FromSoftware President Hidetaka Miyazaki and designer Masaru Yamamura have revealed Armored Core VI: Fires of Rubicon won’t be taking many Soulsborne elements.
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Announced during The Game Awards 2022, Armored Core VI: Fires of Rubicon will be the first new entry in the series since 2013 — which is right about the time FromSoftware began releasing titles such as Dark Souls II, Bloodbourne, Dark Souls III, Sekiro: Shadows Die Twice, and Elden Ring.
As a result of popularizing and essentially creating the “soulsbourne” subgenre of video games, some had wondered if this would change Armored Core VI compared to prior games — raising the question, would it become a soulsbourne game, or take inspiration from the subgenere? IGN reports that FromSoftware President Hidetaka Miyazaki answered that very question in their interview.
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“No, we’ve not been making a conscious effort to try to direct it towards more Soulsborne type gameplay,” Miyazaki explained. “The essential direction of [Armored Core VI] was to go back and take a good look at the core concept of Armored Core and what made that series special.”
“So we wanted to take the assembly aspect, assembling and customizing your own mech — your AC — and then being able to exact a high level of control over the assembled mech. So we wanted to take those two core concepts and reexamine those in our modern environment,” he revealed.
Having started at FromSoftware as a planner on Armored Core: Last Raven, Miyazaki was more than a fine fit as the rumored initial game director, and provided the game’s concept. However, the current Game Director is now Sekiro: Shadows Die Twice lead game designer Masaru Yamamura.
While insisting there would be “no elements directly referring to Sekiro,” Yamamura revealed some inspirations in the gameplay. For example, Armored Core VI: Fires of Rubicon will feature a posture system wherein “continuing to attack even the strongest enemy, the force of impact can break the enemy’s posture and inflict a large amount of damage.”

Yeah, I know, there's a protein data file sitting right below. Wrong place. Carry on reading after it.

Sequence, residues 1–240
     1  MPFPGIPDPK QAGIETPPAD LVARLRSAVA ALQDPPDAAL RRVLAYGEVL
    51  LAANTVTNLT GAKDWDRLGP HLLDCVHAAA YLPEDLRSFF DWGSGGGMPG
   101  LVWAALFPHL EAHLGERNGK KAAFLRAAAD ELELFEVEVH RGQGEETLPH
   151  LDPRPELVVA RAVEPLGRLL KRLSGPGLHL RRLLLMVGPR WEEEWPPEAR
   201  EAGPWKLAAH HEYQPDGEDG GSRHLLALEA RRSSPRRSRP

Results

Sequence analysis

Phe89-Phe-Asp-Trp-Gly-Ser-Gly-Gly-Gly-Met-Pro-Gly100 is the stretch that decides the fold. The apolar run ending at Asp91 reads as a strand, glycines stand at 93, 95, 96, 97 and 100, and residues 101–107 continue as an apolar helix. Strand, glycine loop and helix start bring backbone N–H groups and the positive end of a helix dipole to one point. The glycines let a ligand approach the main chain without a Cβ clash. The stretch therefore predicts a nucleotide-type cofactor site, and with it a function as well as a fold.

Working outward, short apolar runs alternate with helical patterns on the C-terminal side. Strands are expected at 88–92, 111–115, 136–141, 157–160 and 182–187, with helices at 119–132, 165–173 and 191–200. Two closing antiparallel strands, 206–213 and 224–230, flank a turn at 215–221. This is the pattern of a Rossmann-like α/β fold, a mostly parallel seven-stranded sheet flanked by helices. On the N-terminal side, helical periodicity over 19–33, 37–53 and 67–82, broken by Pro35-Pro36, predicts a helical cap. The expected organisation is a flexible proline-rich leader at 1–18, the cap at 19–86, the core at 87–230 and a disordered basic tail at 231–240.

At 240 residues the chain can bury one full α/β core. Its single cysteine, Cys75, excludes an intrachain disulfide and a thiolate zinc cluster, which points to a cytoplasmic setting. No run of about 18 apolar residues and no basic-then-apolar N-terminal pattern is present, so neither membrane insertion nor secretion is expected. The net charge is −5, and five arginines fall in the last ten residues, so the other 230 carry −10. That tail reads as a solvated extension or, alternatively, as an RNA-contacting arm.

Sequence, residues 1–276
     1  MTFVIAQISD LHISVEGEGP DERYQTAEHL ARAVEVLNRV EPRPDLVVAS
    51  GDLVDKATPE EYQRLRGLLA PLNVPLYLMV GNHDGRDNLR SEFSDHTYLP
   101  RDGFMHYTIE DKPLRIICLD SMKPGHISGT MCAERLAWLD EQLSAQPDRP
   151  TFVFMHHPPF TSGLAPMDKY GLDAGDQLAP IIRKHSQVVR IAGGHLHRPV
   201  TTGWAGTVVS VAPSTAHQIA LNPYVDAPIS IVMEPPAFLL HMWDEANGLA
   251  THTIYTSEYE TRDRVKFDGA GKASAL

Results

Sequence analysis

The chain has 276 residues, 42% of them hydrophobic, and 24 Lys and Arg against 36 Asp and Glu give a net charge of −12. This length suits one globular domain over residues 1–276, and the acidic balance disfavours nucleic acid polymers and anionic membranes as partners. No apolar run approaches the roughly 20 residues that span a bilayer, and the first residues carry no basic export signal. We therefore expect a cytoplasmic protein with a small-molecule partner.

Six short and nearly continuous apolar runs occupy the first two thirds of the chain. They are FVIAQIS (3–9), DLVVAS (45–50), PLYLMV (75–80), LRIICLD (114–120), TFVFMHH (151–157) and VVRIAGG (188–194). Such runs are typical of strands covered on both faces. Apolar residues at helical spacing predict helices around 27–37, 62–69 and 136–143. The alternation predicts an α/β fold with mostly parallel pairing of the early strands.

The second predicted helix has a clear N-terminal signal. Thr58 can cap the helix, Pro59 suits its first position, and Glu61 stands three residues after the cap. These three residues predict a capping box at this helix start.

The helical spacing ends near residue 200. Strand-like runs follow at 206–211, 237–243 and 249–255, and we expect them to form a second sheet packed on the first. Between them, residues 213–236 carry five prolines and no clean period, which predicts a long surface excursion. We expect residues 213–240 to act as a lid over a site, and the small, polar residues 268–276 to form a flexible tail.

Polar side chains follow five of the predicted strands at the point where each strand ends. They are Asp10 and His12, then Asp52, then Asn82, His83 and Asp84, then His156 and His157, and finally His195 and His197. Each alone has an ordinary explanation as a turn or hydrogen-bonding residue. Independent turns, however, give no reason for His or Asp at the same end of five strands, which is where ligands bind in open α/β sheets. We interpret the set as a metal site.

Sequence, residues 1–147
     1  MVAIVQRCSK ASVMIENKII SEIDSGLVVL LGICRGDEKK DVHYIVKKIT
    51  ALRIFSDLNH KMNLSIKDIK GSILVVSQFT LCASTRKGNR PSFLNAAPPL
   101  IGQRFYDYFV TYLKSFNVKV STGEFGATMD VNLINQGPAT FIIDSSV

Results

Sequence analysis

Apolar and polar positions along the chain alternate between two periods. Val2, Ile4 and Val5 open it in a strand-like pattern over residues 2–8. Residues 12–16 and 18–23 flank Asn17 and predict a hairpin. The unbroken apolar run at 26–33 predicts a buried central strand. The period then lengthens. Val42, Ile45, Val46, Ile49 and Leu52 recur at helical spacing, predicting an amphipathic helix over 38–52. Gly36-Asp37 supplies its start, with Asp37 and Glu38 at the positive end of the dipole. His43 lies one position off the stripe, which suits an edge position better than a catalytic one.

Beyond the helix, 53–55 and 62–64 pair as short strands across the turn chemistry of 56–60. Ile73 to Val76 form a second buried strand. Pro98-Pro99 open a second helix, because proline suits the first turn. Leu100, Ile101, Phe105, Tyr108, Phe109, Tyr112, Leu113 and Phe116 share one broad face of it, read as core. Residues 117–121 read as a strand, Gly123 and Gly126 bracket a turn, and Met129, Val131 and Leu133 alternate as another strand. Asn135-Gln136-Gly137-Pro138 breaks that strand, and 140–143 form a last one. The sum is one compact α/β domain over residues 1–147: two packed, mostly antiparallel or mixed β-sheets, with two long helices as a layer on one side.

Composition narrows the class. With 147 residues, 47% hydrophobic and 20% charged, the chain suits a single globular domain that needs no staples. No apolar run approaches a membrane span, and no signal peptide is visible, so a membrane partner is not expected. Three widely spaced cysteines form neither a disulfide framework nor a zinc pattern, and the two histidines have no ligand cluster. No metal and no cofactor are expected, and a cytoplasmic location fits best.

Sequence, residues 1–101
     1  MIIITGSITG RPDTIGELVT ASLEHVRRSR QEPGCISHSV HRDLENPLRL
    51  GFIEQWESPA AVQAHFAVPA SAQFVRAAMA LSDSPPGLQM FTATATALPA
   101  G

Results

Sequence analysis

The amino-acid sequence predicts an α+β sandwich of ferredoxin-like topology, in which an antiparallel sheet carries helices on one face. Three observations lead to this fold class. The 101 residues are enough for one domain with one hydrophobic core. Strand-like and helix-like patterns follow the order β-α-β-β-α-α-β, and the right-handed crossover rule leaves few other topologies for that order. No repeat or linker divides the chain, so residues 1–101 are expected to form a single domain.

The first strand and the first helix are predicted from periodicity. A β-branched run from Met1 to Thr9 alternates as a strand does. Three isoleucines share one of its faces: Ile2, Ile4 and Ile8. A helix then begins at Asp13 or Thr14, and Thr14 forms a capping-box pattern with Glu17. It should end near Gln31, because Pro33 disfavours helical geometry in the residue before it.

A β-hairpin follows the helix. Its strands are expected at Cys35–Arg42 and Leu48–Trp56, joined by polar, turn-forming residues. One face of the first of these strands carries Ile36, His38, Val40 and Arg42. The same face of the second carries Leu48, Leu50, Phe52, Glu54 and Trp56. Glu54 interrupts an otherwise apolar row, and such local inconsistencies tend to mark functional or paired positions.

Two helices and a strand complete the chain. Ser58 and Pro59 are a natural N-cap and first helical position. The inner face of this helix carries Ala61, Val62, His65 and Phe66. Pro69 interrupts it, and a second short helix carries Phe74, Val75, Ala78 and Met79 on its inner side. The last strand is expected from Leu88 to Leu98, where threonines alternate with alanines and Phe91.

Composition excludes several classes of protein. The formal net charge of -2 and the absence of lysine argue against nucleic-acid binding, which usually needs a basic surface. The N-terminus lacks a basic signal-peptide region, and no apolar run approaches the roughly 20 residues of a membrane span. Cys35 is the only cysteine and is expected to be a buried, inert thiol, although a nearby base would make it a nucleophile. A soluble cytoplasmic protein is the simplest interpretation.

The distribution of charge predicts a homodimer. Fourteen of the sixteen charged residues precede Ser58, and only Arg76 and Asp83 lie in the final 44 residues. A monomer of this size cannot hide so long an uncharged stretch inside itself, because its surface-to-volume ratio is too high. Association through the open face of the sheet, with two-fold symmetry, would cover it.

Though Sekiro has a diverse melee arsenal, and Armored Core features firearms, Yamamura assured players there will be “nice melee options.”
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Nonetheless, Armored Core VI: Fires of Rubicon won’t be featuring an open world that players can tackle how they wish. Instead, players will be taking on missions, as Miyazaki elaborated. “We felt that the mission-based structure was a benefit for this because it allows you to choose and customize before each sortie.”
“At the very least, the tempo — the pace at which the player is able to move across the world and traverse the map…this is a very big aspect in how you approach this design,” he educated.
“I think one of the big appeal points of the previous Armored Core games is having this freedom to choose how you’re going to move across the map and how your choices are going to affect your mobility and your ability once you’re actually in the level,” Miyazaki added. “This is the format we wanted to choose this time, and this is where we wanted to put our focus.”
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